Christina Noble (Deirdre O'Kane) grew up in Ireland's slums, orphaned at age 10 and suffering life on the street, gang rape, her baby being taken against her will, and an abusive marriage. But she survived. After the Vietnam War, she realized the conflict had left behind thousands of children like her: abandoned, forgotten, abused, and marginalized. With only the money in her pocket, she flew to Ho Chi Minh City, determined to do what she could to help — and founded the Christina Noble Children's Foundation. This award-winning feature film about one of Time Magazine's fifty most inspiring people of our time is a reminder that one person can make a difference.
When Mary (Hilary Swank) pulls her bullied son out of his American school, she believes that she is protecting him — but on their trip to Africa, he dies of malaria. She is still mourning when she meets Martha (Brenda Blethyn), whose adult son was also stricken down by the preventable and treatable disease... and the pair realize that these losses are a constant reality for many African families. The pair find purpose in their new friendship and in their determination to prevent more deaths, and even as their grief and activism strains their hearts and their marriages, they set their sights on battling the disease. This inspiring film celebrates how tragedy can drive someone to change the world — and how friendships can appear at the darkest of times.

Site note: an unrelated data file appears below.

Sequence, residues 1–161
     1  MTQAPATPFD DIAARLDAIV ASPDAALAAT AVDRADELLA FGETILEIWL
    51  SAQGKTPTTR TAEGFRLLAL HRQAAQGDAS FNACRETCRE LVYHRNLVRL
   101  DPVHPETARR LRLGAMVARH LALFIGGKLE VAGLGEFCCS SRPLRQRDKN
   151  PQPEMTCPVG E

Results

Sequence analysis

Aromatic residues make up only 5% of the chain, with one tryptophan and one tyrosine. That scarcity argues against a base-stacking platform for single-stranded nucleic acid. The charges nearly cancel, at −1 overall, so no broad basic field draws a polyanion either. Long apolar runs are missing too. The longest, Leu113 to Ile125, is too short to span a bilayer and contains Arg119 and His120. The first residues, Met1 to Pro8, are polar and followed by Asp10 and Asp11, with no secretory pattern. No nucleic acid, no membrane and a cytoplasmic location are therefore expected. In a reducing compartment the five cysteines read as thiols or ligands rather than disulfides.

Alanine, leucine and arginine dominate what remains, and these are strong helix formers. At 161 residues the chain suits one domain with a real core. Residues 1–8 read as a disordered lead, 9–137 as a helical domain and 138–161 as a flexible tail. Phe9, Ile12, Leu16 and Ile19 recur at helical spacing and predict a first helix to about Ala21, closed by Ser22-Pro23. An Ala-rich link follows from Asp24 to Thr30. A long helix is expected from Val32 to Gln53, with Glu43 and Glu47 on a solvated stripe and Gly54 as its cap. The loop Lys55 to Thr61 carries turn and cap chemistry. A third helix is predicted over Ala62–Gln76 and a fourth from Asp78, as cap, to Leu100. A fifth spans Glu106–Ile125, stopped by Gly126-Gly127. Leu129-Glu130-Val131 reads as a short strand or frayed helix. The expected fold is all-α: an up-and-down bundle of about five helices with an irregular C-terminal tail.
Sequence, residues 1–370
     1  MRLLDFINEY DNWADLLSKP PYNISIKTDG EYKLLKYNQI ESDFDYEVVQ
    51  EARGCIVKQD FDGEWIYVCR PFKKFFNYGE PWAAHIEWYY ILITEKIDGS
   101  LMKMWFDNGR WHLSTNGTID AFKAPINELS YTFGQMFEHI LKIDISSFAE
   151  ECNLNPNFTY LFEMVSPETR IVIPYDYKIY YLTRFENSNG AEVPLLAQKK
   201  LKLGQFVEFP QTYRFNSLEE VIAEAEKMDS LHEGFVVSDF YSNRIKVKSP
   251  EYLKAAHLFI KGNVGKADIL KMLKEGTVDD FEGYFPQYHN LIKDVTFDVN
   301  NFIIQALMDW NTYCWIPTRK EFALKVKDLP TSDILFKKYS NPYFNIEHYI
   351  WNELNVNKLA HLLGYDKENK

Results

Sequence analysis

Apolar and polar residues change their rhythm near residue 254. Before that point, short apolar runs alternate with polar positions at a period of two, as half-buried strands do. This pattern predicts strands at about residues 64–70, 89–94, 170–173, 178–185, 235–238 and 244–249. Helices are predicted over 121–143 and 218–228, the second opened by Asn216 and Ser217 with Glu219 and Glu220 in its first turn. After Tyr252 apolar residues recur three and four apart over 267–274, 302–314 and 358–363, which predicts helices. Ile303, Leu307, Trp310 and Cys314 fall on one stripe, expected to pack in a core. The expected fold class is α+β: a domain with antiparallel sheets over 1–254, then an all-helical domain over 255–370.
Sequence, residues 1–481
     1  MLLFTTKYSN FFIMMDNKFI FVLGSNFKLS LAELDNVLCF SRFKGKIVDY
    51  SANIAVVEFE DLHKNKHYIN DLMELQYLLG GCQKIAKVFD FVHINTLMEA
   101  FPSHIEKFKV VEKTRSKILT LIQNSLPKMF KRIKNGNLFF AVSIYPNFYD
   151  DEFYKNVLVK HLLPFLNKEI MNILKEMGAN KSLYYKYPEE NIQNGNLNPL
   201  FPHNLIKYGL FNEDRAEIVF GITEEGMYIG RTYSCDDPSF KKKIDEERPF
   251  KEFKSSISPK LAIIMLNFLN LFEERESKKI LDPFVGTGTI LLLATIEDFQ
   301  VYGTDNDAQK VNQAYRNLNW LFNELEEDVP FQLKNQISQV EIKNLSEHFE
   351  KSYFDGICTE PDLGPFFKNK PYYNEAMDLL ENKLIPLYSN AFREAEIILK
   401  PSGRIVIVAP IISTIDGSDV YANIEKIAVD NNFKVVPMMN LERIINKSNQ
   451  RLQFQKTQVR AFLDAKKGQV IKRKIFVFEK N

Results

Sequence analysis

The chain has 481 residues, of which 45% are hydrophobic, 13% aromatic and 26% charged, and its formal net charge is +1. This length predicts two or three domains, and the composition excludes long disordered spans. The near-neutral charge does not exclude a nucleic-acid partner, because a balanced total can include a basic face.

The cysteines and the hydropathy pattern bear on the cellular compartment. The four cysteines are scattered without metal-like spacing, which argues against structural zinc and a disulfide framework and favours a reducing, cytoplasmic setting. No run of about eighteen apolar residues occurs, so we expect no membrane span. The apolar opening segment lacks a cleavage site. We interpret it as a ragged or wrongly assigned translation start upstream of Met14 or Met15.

By the time she was 19, Joan Trumpauer had participated in dozens of protests and sit-ins, but the real trial was just beginning. A a member of the Freedom Riders, civil rights activists who rode buses in mixed-race groups to protest segregation, she was arrested and sent to the infamous Parchman Penitentiary in Mississippi. She spent months there, undergoing vicious and humiliating treatment, but emerged determined to continue her support of civil rights causes. This award-winning documentary tells her story, and reminds everyone who watches it that anyone can be a hero.